Friday, March 7, 2014

Sword-Bound by Jennifer Roberson

 Eagerly anticipated, completely unexpected, so exciting to finally get a chance to read more adventures with Tiger & Del. I have often reflected on how, in order to catch and keep my interest, an author has to create characters that "hook" me right from the beginning, and it was that way for me with the SandTiger and Delilah long, long ago. I read Sword Dancer first and eagerly jumped upon subsequent books in the series as they came along, enjoying the reunion with old friends. I'm not entirely certain that someone trying to jump in on the seventh book in the series would immediately feel that sort of bond, so I'd recommend starting at the beginning, they're all in print on Amazon these days. I may have to go back and re-read and review them for the site at some point, too. One wouldn't have to twist my arm very hard to make me do so.

The Sandtiger has become "domesticated". He and Del have a permanent residence, where Tiger teaches sword dancing, without the oaths and formality which he was schooled in. He is still an outlaw, and any sword dancer can demand a dance to the death. It turns out that the tanzeer, Umit, has also placed a bounty on his head, and wants Tiger to come remove the spell he placed on the grimoire that Tiger traded for his son, Neesha. The problem is that Tiger gave up all his magic, poured it into his jivatma, and then broke and buried the sword, so he can't give Umit what he wants even should he want to - he doesn't.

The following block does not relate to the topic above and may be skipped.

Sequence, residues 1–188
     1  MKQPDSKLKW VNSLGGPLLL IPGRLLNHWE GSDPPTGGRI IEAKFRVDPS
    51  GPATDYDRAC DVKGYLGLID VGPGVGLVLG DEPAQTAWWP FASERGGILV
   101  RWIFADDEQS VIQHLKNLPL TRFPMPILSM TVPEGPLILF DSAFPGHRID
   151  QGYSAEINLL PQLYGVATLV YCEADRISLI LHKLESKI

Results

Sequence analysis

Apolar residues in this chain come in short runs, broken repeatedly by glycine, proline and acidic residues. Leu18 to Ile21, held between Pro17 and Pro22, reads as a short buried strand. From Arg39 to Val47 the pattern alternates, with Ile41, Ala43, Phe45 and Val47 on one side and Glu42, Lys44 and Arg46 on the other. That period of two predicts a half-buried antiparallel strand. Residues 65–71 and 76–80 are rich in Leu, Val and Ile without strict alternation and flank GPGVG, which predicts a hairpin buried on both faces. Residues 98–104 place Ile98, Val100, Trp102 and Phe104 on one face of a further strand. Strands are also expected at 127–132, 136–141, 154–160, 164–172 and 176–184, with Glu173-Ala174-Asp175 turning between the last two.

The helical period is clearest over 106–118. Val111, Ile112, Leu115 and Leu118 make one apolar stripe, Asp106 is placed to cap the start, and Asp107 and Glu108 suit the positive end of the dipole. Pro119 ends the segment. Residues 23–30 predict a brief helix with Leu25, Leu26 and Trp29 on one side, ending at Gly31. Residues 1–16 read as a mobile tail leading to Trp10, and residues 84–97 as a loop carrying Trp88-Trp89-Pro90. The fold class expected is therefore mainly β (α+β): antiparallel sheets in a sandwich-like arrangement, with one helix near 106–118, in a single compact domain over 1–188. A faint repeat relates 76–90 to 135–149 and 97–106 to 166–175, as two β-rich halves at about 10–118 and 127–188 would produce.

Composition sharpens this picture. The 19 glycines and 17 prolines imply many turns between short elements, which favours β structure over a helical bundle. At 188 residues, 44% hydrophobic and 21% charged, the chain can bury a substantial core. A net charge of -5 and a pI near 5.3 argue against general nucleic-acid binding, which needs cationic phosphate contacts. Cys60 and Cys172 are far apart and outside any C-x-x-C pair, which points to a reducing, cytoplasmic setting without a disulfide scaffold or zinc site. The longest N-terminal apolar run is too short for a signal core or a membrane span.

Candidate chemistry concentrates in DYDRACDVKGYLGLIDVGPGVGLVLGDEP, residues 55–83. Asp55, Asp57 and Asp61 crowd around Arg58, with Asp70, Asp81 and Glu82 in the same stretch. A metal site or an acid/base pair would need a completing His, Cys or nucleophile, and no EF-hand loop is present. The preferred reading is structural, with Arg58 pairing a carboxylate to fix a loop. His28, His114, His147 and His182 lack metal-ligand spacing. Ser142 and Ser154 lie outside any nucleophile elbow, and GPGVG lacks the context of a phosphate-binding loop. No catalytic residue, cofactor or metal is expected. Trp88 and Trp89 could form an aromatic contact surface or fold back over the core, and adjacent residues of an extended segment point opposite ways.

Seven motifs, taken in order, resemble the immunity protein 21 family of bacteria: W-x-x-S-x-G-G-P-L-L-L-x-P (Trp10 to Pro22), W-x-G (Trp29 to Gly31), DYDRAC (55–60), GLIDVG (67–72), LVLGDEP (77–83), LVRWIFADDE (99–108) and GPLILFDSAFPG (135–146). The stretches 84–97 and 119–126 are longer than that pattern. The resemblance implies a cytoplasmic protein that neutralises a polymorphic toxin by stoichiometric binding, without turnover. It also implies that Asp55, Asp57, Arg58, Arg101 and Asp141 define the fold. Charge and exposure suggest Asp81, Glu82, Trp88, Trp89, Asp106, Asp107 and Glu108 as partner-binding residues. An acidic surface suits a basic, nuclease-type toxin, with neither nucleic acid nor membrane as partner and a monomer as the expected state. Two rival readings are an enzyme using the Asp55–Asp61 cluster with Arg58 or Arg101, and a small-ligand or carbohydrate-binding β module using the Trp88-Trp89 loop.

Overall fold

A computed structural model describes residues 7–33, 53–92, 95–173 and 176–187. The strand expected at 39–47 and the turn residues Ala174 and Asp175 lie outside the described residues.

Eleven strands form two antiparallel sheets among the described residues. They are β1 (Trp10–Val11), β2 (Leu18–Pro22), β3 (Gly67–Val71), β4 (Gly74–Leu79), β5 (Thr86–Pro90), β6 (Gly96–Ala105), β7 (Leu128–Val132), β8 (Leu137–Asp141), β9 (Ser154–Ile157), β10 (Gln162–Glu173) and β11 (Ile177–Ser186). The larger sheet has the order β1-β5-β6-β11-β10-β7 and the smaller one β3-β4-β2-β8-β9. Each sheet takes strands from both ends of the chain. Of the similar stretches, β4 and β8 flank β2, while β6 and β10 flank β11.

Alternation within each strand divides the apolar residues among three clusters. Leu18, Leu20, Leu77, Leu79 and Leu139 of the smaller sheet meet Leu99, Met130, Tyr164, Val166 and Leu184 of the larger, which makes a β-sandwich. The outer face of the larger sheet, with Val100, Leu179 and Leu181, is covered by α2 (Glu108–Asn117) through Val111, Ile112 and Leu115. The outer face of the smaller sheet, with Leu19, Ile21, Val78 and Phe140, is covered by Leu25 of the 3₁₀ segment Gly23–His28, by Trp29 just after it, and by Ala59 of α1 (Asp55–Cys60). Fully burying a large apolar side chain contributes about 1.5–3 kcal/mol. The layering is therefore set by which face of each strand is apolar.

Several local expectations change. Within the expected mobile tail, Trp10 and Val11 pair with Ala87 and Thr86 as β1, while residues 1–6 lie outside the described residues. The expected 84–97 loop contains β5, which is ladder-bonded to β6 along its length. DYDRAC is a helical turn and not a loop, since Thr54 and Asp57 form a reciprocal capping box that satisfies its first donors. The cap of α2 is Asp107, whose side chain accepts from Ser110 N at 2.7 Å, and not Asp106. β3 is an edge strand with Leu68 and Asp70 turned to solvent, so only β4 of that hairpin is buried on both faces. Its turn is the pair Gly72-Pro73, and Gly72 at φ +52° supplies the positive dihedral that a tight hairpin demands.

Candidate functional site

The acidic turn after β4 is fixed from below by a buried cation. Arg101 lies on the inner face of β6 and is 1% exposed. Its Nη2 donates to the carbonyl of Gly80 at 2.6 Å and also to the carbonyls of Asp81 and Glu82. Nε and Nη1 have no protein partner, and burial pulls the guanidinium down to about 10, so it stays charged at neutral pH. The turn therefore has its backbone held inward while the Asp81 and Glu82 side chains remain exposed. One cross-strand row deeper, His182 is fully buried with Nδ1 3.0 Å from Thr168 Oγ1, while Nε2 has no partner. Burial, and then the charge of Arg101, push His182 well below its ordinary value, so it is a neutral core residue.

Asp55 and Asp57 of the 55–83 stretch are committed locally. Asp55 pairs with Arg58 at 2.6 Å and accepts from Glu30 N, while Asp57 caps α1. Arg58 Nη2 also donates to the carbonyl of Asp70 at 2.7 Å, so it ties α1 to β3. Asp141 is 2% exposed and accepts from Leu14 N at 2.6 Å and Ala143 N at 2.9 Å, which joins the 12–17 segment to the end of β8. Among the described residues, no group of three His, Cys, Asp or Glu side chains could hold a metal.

When Tiger is made aware of his domesticity, he and Del and his son decide to go adventuring once more, leaving their daughter, Sula, in the loving care of their friends and neighbors, Amit and Lena.

On their journey, Tiger is constantly made to confront other sword dancers who are either lured by the possibility of defeating the legend, offended by his apostasy and willing to kill him, or hoping to capture him for Umit's bounty. He also has to confront something he hasn't had to deal with very often before, the aches and pains that come with old age, and the long recovery time for injuries, and he just can't handle the aquiva hangovers any more.

The three of them hire on as caravan guards for a while, to help pay for their journey to visit Neesha's mother and stepfather, who raise horses in the Borderlands between the deserts of the South and the Forests of the North. Neesha is a third level sword dancer, but he also struggles with a new experience, killing a man, when a battle with borjuni raiders turns deadly.

When they arrive at his family's, they find the house burned down, the horses missing, his stepfather unconscious from a head injury, his mother raped, and his sister kidnapped by the borjuni. So Tiger and Del take on a whole new mission, rescuing the damsel in distress, recovering the stolen horses, and killing the men who are responsible. Just another day in the life for these two, aside from a few odd wrinkles that keep things amusing. Tiger proves the old adage about age and treachery beating youth and skill most days.

This is a good return to the story, and best of all, Roberson says she's writing another already. I can't wait.

No comments: